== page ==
Three major areas where you can eliminate chaos for ultimate success.
This article originally appeared in the October 2016 edition of INVISION.
There is a peace and confidence that we get when things are in order. That calm is the antithesis of what we experience when surrounded by chaos.
For many optometrists, their practice seems like controlled chaos. But controlled chaos is still chaos and does not produce the same result as order. In fact, controlled chaos can have a significant negative impact on success. Here are three areas where order is necessary and how it can strengthen the practice.
The Order of a Morning RoutineToo many offices understand what boxer Mike Tyson meant when he said, “Everyone has a plan until they get punched in the mouth.” It may seem like the day barely started when you “get punched” and order is suddenly chaos. It is important to establish a consistent routine first thing each morning.
Establish your office morning routine with simple tasks that are easy to do. Include walking in through the front door so you can see what the place looks like when your guests arrive. Make a list of things you appreciate about each associate and tell them before the day starts. Check the optical is clean and professionally merchandised. These and other simple tasks establish a sense of order starting the day and its easier to maintain order than to re-establish it.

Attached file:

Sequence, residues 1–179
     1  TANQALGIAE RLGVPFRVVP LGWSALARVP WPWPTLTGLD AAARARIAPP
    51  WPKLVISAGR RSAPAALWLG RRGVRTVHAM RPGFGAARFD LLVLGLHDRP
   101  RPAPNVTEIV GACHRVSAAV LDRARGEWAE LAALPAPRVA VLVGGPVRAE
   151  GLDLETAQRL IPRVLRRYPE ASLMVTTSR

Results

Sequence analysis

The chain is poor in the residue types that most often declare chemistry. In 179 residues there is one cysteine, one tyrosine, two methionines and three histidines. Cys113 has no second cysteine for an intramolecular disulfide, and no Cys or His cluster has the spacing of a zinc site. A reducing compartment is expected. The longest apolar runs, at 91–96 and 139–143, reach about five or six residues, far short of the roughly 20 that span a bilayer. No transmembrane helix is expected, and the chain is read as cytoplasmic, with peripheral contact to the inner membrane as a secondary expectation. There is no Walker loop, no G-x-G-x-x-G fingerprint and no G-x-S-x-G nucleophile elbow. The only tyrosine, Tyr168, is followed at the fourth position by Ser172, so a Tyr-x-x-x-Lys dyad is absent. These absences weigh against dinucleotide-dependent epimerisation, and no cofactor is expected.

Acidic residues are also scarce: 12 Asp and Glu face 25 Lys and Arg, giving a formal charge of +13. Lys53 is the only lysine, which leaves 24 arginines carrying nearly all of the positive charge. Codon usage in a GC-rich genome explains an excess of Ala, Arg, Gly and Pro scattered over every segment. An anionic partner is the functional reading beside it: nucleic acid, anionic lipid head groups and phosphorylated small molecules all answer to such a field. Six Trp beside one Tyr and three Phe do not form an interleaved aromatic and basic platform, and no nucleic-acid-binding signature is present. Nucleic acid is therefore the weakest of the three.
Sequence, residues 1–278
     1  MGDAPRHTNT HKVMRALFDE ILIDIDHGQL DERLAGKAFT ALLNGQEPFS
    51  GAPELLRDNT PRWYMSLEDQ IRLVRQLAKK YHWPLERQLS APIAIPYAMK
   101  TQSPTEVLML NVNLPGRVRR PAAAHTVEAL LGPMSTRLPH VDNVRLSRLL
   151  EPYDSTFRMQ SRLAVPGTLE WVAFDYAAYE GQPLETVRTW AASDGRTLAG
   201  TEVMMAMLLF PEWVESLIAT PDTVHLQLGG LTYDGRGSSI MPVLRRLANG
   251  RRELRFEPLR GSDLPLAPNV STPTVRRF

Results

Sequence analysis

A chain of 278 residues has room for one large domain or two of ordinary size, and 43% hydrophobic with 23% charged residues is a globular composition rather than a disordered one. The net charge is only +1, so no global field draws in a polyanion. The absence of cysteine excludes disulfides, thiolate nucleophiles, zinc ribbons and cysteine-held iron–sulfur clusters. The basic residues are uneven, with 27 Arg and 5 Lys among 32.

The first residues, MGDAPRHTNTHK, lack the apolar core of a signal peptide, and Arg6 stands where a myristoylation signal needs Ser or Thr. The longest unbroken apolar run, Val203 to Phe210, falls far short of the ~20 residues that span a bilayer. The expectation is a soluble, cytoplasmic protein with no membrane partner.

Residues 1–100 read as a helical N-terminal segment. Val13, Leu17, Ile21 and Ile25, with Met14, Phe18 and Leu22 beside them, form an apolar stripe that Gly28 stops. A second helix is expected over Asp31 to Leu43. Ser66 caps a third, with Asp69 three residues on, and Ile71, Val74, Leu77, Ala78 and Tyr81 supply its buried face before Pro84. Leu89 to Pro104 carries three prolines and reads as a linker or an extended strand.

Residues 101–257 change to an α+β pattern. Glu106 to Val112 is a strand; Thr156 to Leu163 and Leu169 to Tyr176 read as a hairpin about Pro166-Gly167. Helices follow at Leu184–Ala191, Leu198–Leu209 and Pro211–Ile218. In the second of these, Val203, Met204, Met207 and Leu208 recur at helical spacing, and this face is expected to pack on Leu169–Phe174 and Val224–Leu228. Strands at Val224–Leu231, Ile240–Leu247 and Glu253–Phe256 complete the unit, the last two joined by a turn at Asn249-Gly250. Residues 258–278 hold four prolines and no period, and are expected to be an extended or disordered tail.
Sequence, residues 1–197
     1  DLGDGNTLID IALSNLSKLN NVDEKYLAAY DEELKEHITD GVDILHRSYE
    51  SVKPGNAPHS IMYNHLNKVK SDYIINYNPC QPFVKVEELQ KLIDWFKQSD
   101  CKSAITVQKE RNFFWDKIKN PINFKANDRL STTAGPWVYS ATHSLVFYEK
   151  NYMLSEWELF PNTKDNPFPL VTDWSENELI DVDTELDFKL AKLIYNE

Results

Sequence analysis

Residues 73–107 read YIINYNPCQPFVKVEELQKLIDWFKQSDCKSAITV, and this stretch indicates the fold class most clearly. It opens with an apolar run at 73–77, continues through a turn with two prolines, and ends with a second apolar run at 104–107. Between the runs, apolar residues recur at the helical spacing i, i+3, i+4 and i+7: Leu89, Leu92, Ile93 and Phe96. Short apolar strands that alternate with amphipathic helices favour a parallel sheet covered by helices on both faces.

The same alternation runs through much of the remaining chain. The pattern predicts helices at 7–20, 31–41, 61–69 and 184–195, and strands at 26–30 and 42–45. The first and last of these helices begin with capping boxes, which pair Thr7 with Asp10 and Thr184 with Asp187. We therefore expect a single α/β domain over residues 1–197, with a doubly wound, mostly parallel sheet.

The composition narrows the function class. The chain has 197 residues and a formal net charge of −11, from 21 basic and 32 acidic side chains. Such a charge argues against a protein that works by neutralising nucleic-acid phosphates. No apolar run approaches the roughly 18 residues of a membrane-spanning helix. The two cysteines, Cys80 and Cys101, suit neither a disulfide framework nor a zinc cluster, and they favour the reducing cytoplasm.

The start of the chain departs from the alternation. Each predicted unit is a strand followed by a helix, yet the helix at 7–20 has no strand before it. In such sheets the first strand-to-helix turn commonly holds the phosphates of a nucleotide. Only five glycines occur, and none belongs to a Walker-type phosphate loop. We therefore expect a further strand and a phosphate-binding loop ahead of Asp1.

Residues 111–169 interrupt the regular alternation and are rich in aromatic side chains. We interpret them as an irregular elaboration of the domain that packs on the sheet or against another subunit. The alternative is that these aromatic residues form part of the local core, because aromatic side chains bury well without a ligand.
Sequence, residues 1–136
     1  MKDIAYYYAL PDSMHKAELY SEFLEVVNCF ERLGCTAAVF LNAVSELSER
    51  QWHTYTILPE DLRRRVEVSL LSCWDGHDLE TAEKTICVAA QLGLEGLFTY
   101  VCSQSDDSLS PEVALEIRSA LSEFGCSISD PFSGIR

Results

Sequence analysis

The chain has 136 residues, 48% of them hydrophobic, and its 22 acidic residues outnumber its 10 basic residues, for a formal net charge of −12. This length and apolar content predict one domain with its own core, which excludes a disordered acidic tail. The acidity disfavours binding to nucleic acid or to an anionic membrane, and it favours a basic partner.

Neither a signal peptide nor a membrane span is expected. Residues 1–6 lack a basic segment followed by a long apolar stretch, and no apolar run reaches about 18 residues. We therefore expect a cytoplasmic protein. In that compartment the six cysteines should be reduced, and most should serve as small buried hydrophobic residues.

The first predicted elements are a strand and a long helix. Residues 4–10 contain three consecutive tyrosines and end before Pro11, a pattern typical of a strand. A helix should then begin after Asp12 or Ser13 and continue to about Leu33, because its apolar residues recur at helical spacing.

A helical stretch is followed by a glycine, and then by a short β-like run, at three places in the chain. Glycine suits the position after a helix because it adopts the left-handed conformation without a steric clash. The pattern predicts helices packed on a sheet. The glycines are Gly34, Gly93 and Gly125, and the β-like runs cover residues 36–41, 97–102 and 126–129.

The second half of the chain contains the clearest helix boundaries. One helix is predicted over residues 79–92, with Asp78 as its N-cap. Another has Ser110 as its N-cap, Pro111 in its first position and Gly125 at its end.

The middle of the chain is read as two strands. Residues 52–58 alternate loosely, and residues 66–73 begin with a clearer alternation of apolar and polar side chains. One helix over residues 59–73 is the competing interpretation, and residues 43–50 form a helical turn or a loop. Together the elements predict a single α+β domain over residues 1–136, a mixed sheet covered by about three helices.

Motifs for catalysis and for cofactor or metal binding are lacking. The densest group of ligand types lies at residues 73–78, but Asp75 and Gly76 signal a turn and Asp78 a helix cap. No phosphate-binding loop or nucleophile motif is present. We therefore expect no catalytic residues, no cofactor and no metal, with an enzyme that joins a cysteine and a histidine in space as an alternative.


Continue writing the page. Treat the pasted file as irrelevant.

The Order of Your EnvironmentWe don’t often think about it, but our surroundings have a big influence on our attitude and ability to interact with others. If your desk or exam rooms are cluttered, it impacts the quality of care you provide. If the breakroom hasn’t been cleaned, it sends a message to staff. If the office is not in good order, you’re not able to focus on people but are rather trying to find something you swear was just there.
A dispensary that’s not kept in order, frames cleaned, inventory restocked, creates a less than appealing shopping environment for your guests. I’ve often said, people have no idea whether they received a good or bad exam, but they for darn sure know a good retail experience from a bad one. Part of their satisfaction comes from how easy it is to find and consider their choices. Make it easy by making sure everything is in order.
The Order of Staff PoliciesI cannot over emphasize the importance of a thorough set of employee policies; their lack can be a systemic disease on the health of your practice. The No. 1 issue the majority of optometrists deal with is employee turnover. The No. 1 reason for turnover is the environment created by a lack of employee policies.
Employees don’t leave practices where they feel valued. People don’t leave for 50 cents or a dollar more an hour if they feel respected and can grow. They leave because they don’t have a clear understanding of expectations, they’ve not been adequately trained and policies change regularly. Employee turnover can cost tens of thousands of dollars a year but low turnover can actually make you money. Patients like continuity and reward it with frequent visits.
With 25 years of experience in the ophthalmic and optometric practice industry, John D. Marvin writes about marketing, management and education at practiceprinciples.net. He is president of Texas State Optical. Contact him at jdmarvin@tso. com.